Animator and computer artist Alexandre Louvenaz has created Home Makeover for Adult Swim, a satirical and bizarre take on the classic American home makeover TV shows. The animation is part of Adult Swim’s Etcetera section, where a whole host of other weird and wonderful films sit. “I really love what they do. They give the chance for people like us to make cool, different things,” says Alexandre.
With free rein, the animator looked to the popular home makeover TV shows for inspiration. “I’ve always had a strange feeling about these TV shows and it’s also a joke I had with my ex-girlfriend, because we found that they put flat screens everywhere (kids rooms, toilets, garages, jacuzzis). It’s strange because that isn’t what people really need at the beginning,” he says. “So I tried to imagine a ‘normal family’ who doesn’t seem to need help in appearance but who have a totally shitty and boring life in contrast.”
Instead of a regular DIY team, it’s worms that descend of the family’s property, and they have a “non-conformist vision” but they also “try their best”. “They love their work as much as the show’s presenters – they just have a fucked mind,” explains Alexandre. In the film the worms have a go at giving the family’s home a makeover and the result is an elaborate house made of poop, with an excrement-filled pool and a crap-covered dog. It’s disgustingly funny and Alexandre captures the bewildered faces of the family perfectly.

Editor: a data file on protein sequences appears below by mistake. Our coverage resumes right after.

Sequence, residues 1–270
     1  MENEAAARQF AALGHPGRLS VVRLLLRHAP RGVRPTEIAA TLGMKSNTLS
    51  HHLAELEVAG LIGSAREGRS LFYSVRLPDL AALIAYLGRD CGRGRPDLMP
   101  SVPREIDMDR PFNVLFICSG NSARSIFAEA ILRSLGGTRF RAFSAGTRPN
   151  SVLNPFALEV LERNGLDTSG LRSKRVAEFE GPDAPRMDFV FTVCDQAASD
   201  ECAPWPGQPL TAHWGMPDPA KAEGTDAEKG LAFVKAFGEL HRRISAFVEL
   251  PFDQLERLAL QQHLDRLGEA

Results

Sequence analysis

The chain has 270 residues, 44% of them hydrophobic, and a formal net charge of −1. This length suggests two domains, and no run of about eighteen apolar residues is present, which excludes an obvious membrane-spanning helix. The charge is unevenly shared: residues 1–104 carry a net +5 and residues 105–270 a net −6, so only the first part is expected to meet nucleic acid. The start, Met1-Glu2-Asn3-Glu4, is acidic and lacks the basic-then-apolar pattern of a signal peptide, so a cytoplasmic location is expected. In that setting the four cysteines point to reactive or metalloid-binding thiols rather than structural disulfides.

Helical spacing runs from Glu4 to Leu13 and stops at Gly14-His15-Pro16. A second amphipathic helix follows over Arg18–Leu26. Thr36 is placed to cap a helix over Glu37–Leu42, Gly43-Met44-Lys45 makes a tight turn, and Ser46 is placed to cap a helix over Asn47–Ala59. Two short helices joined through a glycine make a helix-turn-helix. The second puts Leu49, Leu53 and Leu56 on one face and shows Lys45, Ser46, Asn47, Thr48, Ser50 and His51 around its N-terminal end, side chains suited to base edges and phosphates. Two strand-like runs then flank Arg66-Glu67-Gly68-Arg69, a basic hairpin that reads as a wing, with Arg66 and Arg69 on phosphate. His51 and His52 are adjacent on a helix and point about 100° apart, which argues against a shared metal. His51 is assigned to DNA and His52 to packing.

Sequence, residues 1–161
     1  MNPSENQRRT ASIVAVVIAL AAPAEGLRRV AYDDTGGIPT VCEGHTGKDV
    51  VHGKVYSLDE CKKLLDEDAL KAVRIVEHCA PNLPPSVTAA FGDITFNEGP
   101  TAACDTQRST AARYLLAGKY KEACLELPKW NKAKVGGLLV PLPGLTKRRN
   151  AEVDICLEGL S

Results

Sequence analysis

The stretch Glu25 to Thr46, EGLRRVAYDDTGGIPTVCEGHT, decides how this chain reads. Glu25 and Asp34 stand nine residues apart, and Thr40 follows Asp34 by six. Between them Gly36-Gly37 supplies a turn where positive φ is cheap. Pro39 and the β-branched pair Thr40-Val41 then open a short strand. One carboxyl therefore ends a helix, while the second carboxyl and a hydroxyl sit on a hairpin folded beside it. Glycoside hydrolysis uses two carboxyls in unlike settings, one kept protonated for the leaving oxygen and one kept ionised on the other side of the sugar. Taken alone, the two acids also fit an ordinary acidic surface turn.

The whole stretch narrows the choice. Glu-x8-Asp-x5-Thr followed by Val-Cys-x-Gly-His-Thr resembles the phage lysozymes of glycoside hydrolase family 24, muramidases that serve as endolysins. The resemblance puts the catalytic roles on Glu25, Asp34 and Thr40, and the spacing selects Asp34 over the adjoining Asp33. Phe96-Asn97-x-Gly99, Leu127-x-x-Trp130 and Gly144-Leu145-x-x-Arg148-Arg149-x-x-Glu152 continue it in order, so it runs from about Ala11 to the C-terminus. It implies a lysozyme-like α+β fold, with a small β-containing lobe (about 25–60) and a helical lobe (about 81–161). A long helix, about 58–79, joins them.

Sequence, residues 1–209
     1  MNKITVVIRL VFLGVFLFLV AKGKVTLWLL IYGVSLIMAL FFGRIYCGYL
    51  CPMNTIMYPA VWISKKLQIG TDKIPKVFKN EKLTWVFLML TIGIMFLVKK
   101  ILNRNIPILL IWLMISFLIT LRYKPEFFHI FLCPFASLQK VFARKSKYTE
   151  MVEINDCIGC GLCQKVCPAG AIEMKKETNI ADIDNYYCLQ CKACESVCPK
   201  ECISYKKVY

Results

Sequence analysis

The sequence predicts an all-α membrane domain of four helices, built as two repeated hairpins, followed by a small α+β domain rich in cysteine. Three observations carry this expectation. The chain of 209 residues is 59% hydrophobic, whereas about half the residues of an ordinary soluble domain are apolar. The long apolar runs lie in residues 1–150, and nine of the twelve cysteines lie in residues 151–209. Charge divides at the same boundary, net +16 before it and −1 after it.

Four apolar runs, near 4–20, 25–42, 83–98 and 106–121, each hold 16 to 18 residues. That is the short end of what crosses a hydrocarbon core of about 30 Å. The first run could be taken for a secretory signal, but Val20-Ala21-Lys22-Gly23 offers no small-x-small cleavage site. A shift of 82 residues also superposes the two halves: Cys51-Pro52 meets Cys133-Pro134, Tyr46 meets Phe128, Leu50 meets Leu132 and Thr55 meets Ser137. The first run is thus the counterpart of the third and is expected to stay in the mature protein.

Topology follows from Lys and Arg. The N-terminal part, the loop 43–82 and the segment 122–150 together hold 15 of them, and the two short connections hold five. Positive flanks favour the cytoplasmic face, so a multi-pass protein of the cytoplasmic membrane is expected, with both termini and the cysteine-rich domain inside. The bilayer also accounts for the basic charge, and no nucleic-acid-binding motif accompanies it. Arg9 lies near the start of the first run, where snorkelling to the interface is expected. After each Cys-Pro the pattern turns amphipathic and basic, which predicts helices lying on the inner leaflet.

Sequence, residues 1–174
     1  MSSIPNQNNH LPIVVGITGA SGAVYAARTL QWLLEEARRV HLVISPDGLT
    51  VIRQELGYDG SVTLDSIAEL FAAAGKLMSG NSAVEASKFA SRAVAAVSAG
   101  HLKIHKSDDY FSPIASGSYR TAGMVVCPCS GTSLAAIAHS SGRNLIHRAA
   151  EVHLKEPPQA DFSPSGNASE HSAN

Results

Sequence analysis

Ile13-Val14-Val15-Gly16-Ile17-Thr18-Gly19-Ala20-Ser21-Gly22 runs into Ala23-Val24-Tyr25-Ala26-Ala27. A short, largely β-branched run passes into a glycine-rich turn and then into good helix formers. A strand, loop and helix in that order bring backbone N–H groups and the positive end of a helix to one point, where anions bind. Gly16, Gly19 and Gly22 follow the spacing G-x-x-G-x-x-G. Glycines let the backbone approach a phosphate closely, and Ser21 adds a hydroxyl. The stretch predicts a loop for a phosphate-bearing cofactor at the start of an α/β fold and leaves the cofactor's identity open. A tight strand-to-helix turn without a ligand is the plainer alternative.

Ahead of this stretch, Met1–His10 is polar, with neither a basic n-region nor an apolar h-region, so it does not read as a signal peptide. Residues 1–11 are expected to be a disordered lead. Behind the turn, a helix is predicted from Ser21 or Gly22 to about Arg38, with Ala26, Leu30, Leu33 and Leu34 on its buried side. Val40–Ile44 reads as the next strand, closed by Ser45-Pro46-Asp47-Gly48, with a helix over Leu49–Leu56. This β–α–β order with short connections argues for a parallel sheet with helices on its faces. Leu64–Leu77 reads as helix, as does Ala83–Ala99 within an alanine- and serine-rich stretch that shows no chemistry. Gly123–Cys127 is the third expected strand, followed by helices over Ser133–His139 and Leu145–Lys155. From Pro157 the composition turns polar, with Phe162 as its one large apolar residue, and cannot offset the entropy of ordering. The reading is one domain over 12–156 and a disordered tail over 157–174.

Sims-like in its style, the lurid colours the animator’s used make this fake world even more surreal. Yet Alexandre is keen to “keep some logic in the universe I build” so the audience can still relate, meaning the typical tropes of the home makeover shows are still present like the big reveal, inspirational music and the close-up reactions of the family. “I try to do bad things well, I try to make people laugh at me,” says Alexandre. “I also try to include some surprises and I love the surreal things, stupid memes, bootleg toys and questionable CGI video games with characters from the 90s and 2000s.”
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